An abstract is a summary of the entire research including the objectives, methodology, literature, analysis and conclusion. Therefore, it requires thorough analysis and understanding of the work to provide a valuable analysis.


The abstract should develop and maintain an authoritative academic tone for the entire study. Therefore, it should be written in a credible manner to demonstrate its professionalism.


Other than maintaining the length of your abstract, it is important to keep it concise by focusing on the main points of the research, its outcomes and significance. You should not introduce any new information that was not covered in the study.

Make every sentence unique

Abstract has a limited length and that is why every sentence counts. It is thus important to make every sentence unique by giving readers new and useful information about the study. For example, you can introduce the objectives of the research in a sentence and the subject area in another sentence.

Understand the writing requirements

It is important to understand the specific guidelines as provided by the supervisor. Consider things like the style or length requirements.

Understand the audience

The abstract is written to provide a summary and helps readers understand its content. Therefore, it is important to consider their interests such as what kind of information they will be looking for. For example, an academician may look for the findings to determine the credibility of your research before deciding to read the entire thesis. Therefore, it is important to understand the target audience to determine the type of information that may interest them.

Tips for writing a great abstract for dissertation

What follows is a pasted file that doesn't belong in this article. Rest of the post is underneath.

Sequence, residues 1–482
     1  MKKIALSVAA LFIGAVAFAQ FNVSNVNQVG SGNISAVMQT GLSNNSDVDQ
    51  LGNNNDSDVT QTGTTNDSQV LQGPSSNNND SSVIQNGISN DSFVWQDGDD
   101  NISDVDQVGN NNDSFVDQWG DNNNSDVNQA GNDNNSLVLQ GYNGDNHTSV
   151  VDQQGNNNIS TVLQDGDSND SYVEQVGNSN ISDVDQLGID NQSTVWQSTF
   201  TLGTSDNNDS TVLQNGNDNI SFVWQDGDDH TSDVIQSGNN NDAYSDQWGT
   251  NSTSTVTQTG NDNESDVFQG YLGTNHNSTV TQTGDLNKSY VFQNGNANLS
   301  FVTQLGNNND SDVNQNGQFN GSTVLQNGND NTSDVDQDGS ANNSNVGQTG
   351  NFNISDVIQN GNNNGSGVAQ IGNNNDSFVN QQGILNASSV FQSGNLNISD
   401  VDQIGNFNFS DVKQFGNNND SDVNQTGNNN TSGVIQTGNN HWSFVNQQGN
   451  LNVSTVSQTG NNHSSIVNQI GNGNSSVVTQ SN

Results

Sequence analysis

Here is a summary of tips for writing a good abstract:

  1. Use keywords representing main points from the research paper or article
  2. Do not include additional information that is not covered in the thesis
  3. Stick to a short and precise background information
  4. Do not reinstate the title of the study
  5. Limit the paper to about 4 or 5 main points or findings of the study
  6. Avoid being vague by using simple terms that can be easily understood by the audience
  7. Stick to the word limit
  8. Do not give references
  9. Write in short clear sentences and make it easy to understand
  10. Avoid overstatements of statements that make the study sound grander as this may take away the professionalism and credibility of the paper

Sample of a dissertation abstract



Financial institutions are obligated by internal and external controls to report periodically to the stakeholders. The stakeholders comprise of the owners, managers, investors, and regulatory entities amongst other parties in the command chain. The UK financial institutions offer similar services; however, some aspects of operations and ownership differ. Therefore, this study focussed on UK banks and building societies to understand their risk appetite and disclosure system. The rationale for the study was pegged on the premise the UK banks and Building Societies are always subjected to multiple uncertainties that seem to be inherent. Consequently, the managers have embraced a new modality of accepting some risk as they pursue the firms’ objectives. The paper analysed risk appetite that shows the amount of risks that the banks and building societies are willing to accept so as to accomplish their goals. Additionally, it conducted a comparative analysis of risk appetite of banks and building societies. Methodologically, the study employed a mixed research that integrates both qualitative and quantitative techniques using sequential exploratory design. Secondary data was collected from trade journals, firms’ websites, archival records, and other related books and journals. The primary data collected was conducted through in-depth and telephone interviews coupled with questionnaire surveys. Empirically, the findings of the study approved the null hypothesis that risk appetite and disclosure systems of UK banks and building societies are uninformative and boilerplated. In conclusion, UK firms have made strides in annual statutory reporting; however, the proper disclosure framework is yet to be instituted.

(Visited 41 times, 1 visits today)